Any successful swim team needs a strong group of sprinters. Good thing for Azusa Pacific the team has it in spades. Robertson and Kanigowski are already record holders as Robertson broke the school’s 50 free mark at the NAIA championships with a time of 23.78, good for 7th place, while Kanigowski owns the 100 breast record with a time of 1:05.85. Robertson and Kanigowski each finished as top-three swimmers in the 50 and 100 free, and were members of each of the team’s free relays. The Cougars’, however, have a bit of unknown as Gibb’s redshirt leaves a few openings.
Hoping to fill the void will be a pair of freshmen in Jazminne Robles and Erica Knudsen. Robles is a talented, but raw swimmer out of Fontana, while Knudsen is one of the team’s top newcomers. Cal State East Bay transfer Madelyn Mooers will also be in the mix.
“Our team is based off a sprint group. If you look at the points you have to have a strong spring group. The relays and a lot of the scoring events are based off sprinting,” said Kyle. “I think we’re talented, we’re down without Gibb, but we have a couple freshmen that will fill in. Robertson was definitely one of our fastest last year and Kanigowski is one of the fastest girls. Knudsen is with a bright future and Robles has raw talent that we’re trying to shape. Madelyn Mooers has speed and she’ll definitely help out.”
While sprinters are essential to success, without a balanced roster a team has little chance at winning on a regular basis, which bodes well for the Cougars. Azusa Pacific returns its top swimmers in the backstroke, breaststroke, distance, and medley.
In the IM Garcia leads the way. Last year she swam in some of the toughest events, and scored well for the Cougars. She posted the team’s top times in the 200 and 400 IM, and had the second fastest times in the 200 breast and 100 fly.
“Simone is always someone that’s consistent and accountable. She’s very driven and she’s dedicated to the sport and loves to swim. She’s going to be faster this year. We always ask her to swim the toughest events (200 and 400 IM) and she gets after it and does whatever we ask of her,” said Kyle.
Hagen is the team’s top breaststroker, posting a school-record in the 200 breast (2:25.48), and after an impressive sophomore season is primed to be one of the team’s top upperclassmen. Kanigowski, who notched the Cougars’ top-time in the 100 breast (1:05.85), will look to give the team depth across the board.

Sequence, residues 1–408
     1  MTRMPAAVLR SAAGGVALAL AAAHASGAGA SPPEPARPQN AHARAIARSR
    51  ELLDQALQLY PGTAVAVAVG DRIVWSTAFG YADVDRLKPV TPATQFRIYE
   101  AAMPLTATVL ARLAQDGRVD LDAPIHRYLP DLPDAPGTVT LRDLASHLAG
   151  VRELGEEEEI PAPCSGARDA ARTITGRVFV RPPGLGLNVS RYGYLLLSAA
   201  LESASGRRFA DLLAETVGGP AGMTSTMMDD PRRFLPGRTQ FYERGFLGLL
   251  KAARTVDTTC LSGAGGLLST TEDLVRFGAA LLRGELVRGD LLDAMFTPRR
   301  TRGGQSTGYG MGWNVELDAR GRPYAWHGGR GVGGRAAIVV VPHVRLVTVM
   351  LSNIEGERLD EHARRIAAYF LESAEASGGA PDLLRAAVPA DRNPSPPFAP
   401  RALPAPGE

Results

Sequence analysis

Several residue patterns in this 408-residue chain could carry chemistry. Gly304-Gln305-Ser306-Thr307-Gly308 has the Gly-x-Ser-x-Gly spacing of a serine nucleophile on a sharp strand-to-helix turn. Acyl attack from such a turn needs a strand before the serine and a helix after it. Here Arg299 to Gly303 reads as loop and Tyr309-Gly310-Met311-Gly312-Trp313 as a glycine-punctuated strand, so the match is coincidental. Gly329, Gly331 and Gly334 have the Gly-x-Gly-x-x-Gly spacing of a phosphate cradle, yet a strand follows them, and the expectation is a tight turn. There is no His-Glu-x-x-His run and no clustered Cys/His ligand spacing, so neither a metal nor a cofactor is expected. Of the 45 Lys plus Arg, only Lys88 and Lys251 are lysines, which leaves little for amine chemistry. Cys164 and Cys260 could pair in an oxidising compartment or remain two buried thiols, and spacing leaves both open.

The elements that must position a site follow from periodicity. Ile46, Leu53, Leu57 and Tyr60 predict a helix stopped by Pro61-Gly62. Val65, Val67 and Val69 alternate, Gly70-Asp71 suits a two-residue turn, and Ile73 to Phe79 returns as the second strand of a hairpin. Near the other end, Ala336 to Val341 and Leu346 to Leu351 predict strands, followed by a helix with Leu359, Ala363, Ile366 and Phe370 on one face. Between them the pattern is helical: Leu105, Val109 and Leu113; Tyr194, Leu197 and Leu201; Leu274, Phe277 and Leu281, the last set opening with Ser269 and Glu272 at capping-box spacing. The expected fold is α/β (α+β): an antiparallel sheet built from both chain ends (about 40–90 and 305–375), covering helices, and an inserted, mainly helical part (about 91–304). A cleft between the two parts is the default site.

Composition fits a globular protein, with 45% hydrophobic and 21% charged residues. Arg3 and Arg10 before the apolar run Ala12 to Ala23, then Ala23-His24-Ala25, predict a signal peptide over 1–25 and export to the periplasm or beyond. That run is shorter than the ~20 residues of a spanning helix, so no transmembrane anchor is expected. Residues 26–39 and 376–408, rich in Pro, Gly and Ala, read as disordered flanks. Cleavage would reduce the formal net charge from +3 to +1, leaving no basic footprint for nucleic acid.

“Kanigowski and Hagen are good breaststrokers. They’re very focused and work hard. Hagen has some personal goals that she wants to meet. She’s always a high scorer for our breast stroke events and she’s going to do very well,” said Kyle.
In the backstroke Morgan leads the way as the Upland native, who is in Azusa Pacific’s MBA program, is the record holder in the 100 and 200 back. She’ll be joined by freshman Anna Eckberg.
“Eckberg is a good backstroker, but she’s also a talented middle distance swimmer. She has a good club background and she’s really taken on a freshman leadership role. Everyone is noticing her discipline and ability,” said Kyle.
In the distance events Hodge will be the team’s go-to swimmer. Last year as a true freshman she scored well at nationals, and comes into her second season with the program with a full collegiate season under her belt. The Cougars also bring in a strong freshman in Mikaela Fuller.
“Our distance girls are outstanding. Hodge scored a lot of points at nationals last year. We expect a lot of good things from Fuller. She’s an over the top hard worker and she’s driven to do very well for the next four years for us,” said Kyle.
Last year Duncan was Azusa Pacific’s only competitor to place in the top-3 at nationals. She posted third place scores in the 1-meter and 3-meter boards, breaking the school-record in the 3-meter with a total of 233.30. This season she’ll be joined by two new teammates, hoping to bolster the Cougars’ production in the diving portion of the meets.
Robyn Dozier, a transfer from Grossmont College, did well at the JC meet last year, while incoming freshman Bridget Rossi will look to push the two upperclassmen.
“Duncan was an All-American last year and she’s returning and doing well. Dozier brings a level of experience, while Rossi is going to add to our point total with her dives. It’s a good outlook for diving. I think we’re better and stronger,” said Kyle.